6. Be careful with your server configuration. Run any security tools your OS or RADIUS server vendor provides, such as Microsoft’s Lockdown Tool, to identify potential weak spots.

4.3 General Recommendations

Organisations may choose whether to act solely as a home organisation or visited organisation, or to offer reciprocal services. For visited organisations, there are many alternate routes to offering the standardised eduroam(UK) tiers of user service, and the tier structure itself permits a variety of eduroam(UK) variants to be presented. Overall this broad solution space grants the flexibility for organisations to accommodate unique local conditions (availability of resource, expertise or policy constraints) without compromising the standard user experience or security model.

However, where specific local conditions do not dictate the choices, some general recommendations may be made:

  1. Act as both a visited and home organisation to maximise the benefit from the eduroam(UK) to your users and colleagues in the eduroam community.
  2. Do not deploy Tier JRS1 – its shortcomings are discussed above and it may be withdrawn in the long term.
  3. Do not deploy WEP on wireless eduroam(UK) services – its benefits are limited and it is widely believed to be insecure.
  4. Minimise filtering between eduroam(UK) tier VLANs and the outside world – the roaming world embraces a greater variety of user expectations and legitimate applications that might be thwarted by a proscriptive firewall. This is not to say that access should be open between visitor services and the core campus network.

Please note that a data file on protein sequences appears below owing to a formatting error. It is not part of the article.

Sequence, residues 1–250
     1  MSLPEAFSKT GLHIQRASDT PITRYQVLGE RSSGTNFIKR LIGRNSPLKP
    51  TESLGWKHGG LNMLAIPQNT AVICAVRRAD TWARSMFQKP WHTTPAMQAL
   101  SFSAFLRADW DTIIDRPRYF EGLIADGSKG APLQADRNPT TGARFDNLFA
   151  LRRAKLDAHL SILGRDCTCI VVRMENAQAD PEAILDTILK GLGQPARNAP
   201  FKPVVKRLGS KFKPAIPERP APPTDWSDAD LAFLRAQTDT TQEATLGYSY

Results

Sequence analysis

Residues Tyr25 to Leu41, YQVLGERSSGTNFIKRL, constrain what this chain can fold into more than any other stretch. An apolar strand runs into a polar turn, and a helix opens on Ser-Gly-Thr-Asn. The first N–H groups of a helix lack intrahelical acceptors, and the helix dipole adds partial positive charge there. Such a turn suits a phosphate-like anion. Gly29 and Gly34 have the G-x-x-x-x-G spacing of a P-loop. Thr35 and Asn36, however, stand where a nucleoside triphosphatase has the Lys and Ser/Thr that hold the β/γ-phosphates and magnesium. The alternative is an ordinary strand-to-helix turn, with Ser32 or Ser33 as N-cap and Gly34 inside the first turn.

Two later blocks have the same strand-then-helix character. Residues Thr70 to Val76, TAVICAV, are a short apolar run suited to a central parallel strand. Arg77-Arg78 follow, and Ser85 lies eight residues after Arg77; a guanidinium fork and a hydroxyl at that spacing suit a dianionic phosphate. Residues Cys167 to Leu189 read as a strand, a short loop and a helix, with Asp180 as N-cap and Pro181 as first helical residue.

5. Do not use NAT for the guest network – NAT breaks a number of user applications and complicates the audit trail somewhat. Where existing address space is in short supply, eduroam(UK) applications are likely to be considered suitable justification for further provision.
  6. Support IPv6 – this is another answer to any address shortage, and future-proofs current eduroam(UK) deployments. Bear in mind, however, the need for IPv6-aware firewalling.

5. Technical Deployment Guide

5.1 The eduroam(UK) Technical Specification

The ‘tech spec’ document is a vital reference when designing and implementing an eduroam(UK) presence for a new participant organisation, but it does not constitute a cook book on how to achieve the targets it sets out – that is the purpose of this document and the eduroam case studies. However, you should keep the specification on hand to ensure compliance with the service requirements. The latest version can be obtained from:

5.1.1 Using this Technical Deployment Guide Section